London-based libel lawyers representing fugitive financier Low Taek Jho have reportedly sent threatening letters to bookshops around the world in an attempt to block distribution of a new book detailing his alleged involvement in the 1MDB scandal.
According to The Guardian, no UK publisher agreed to publish Billion Dollar Whale: The Man Who Fooled Wall Street, Hollywood, and the World by reporters Bradley Hope and Tom Wright of the Wall Street Journal due to British libel laws.
While the book, scheduled for release next week, has received positive reviews in the US, London-based law firm Schillings mounted a legal campaign that effectively blocked its distribution in the UK.
No formal legal action has been filed against the publisher, but The Guardian sighted letters with the law firm’s letterhead that was sent to independent bookstores in the UK and around the world.
Among others, the letters stated that the decision by some to publish a synopsis of the book constituted actionable libel.
Citing contents of one letter, The Guardian reported that Schillings wrote to one bookseller to state it was “astonishing” that the shop had published a description of Billion Dollar Whale on its website, and warned that it is “now on notice that serious defamatory material is likely to be contained in the subject book.”
Schillings also demanded individual booksellers to provide a written commitment never to sell the book, detail proposals for compensating Low for the publication of the synopsis, and provide “reimbursement of his legal costs.”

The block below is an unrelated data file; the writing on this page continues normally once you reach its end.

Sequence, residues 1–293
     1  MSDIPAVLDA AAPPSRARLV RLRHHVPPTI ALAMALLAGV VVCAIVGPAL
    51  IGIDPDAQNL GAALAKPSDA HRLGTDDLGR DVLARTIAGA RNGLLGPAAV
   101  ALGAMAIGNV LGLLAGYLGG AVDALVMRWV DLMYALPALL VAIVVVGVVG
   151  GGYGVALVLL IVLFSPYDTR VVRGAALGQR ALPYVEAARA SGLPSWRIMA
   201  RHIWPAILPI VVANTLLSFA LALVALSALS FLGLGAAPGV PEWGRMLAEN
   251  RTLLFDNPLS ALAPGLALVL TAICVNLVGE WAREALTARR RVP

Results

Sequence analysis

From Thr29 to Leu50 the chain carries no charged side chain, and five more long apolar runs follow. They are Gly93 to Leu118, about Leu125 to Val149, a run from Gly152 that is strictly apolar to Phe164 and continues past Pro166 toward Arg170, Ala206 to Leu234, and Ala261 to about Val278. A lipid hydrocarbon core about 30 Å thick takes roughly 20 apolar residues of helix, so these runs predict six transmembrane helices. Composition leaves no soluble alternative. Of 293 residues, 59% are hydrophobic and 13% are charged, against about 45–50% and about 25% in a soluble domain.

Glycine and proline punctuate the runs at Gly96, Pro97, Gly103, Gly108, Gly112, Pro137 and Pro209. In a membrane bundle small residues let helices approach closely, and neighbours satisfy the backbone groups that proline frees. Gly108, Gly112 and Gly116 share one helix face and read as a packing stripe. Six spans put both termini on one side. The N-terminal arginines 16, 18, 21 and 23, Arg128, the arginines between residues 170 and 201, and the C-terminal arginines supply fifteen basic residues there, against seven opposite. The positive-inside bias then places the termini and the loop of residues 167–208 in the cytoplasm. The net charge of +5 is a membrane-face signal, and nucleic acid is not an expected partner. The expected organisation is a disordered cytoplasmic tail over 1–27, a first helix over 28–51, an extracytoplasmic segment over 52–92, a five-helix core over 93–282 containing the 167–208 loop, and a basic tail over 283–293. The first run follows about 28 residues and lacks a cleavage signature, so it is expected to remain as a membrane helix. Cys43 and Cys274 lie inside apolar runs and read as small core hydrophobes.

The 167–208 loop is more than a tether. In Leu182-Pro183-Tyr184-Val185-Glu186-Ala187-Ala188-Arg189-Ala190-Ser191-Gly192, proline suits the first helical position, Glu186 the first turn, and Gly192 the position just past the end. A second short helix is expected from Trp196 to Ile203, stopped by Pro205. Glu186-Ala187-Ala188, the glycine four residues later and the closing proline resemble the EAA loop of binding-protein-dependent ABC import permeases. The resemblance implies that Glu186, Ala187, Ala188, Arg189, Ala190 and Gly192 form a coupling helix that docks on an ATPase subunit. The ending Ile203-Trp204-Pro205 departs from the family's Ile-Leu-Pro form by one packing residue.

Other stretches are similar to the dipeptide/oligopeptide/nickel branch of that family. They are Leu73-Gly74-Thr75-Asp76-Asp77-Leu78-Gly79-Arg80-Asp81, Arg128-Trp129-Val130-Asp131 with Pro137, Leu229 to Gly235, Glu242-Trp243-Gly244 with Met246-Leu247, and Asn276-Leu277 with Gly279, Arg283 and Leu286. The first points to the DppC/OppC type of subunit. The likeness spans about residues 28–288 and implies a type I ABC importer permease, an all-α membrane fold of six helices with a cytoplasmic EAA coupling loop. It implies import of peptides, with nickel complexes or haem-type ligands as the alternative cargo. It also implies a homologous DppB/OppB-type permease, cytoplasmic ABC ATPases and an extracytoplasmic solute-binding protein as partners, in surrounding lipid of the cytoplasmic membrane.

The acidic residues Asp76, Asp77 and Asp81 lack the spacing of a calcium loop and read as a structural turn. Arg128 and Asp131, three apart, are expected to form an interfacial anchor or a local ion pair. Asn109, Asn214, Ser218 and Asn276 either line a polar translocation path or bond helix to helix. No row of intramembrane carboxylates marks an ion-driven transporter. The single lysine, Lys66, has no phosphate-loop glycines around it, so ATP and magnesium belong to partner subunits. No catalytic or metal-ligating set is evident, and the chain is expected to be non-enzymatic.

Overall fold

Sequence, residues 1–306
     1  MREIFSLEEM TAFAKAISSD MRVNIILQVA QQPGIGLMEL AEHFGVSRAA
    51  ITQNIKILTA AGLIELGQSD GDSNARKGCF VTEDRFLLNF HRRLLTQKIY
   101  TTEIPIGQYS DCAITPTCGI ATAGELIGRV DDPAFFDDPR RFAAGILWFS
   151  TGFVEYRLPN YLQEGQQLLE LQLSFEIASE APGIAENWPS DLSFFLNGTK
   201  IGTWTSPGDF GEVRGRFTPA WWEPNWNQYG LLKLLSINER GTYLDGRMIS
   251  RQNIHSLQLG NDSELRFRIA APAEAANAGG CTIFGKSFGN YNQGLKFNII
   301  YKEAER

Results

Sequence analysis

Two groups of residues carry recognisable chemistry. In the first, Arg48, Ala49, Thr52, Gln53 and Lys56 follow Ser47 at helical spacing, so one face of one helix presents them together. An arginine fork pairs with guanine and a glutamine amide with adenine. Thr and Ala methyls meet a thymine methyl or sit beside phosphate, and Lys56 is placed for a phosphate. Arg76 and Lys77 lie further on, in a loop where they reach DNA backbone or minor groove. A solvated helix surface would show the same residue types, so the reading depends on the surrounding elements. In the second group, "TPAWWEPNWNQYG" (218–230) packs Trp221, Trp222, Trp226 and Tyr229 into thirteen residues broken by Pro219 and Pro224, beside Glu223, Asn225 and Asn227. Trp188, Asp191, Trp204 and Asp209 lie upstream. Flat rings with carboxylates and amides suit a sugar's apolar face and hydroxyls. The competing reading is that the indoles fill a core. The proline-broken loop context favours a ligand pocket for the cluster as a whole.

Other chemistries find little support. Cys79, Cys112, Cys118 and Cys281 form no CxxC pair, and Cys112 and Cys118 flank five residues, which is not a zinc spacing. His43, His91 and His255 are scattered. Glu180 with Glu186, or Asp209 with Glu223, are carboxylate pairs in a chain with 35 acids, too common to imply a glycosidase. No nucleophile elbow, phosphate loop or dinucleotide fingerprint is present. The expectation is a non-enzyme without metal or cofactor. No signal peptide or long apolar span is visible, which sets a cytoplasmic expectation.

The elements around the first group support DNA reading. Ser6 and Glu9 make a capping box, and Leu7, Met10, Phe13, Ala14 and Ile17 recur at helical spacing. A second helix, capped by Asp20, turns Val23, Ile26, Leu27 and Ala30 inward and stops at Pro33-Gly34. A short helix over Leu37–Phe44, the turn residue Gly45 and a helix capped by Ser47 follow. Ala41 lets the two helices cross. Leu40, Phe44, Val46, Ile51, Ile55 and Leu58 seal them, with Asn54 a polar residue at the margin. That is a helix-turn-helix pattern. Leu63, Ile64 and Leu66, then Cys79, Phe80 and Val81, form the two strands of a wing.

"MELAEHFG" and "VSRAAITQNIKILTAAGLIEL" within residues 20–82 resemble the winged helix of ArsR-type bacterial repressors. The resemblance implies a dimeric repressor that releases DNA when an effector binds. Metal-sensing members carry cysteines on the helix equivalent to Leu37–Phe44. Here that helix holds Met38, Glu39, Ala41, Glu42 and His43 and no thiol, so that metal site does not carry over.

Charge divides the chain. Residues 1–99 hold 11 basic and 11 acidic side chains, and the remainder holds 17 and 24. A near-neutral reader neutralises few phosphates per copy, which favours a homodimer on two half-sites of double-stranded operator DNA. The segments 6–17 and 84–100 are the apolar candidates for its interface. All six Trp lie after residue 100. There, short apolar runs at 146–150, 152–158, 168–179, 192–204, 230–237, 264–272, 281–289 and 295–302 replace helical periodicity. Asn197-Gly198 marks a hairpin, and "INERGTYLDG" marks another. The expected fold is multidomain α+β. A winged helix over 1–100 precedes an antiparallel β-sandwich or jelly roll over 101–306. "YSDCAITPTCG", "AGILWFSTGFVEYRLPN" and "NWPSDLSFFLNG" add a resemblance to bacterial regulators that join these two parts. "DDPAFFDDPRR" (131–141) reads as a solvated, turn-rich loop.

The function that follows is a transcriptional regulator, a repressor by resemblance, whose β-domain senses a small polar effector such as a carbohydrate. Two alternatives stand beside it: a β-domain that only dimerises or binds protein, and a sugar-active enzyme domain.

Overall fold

The libel law firm also told booksellers that if they did not receive a response, then they would have no choice but to commence legal proceedings against the booksellers.
In its attempt to contact Low (photo) for comment, The Guardian reported that it received a response from Schillings, who said they could not confirm whether the Penang-born billionaire was a client of theirs.
“We do not talk about clients or matters, neither do we confirm or deny whether any individual or entity is a client of the firm,” the law firm was quoted as saying.
Listings for the book have been recently removed from the UK websites of Amazon, Waterstones, Foyles, WH Smiths and many independent bookstores.
Further, it was reported that Sydney-based bookseller Boomerang Books had also received two emails and a postal letter from a local Australian law firm similar to the one issued by Schillings.
Troubled by threats
Meanwhile, the report quoted the book’s US publisher Hachette as saying that they are troubled by the alleged threats against booksellers.
“It is troubling to us to hear reports of booksellers being threatened or attempts to keep the public from reading a book.
“Hope and Wright are journalists of the highest calibre and we stand by the book. It will be available in bookstores – in many countries – on Tuesday,” said a Hachette spokesperson.
Free speech campaigners have also condemned the move against the book.
They reportedly said the decision to threaten a book’s distributors rather than the publisher or author could be seen as an attempt to “short-circuit the legal process” around libel law, and risks setting a precedent that would intimidate booksellers.
“This is surprising, concerning and sets a terrible precedent,” said Robert Sharp of English PEN, the free speech campaign group that co-founded the Libel Reform Campaign.
Last month, police filed criminal charges against Low and his father "in absentia" over the alleged misappropriation of money from 1MDB.
Low, through his spokesperson, maintained his innocence and claimed that he would not receive a fair trial in Malaysia.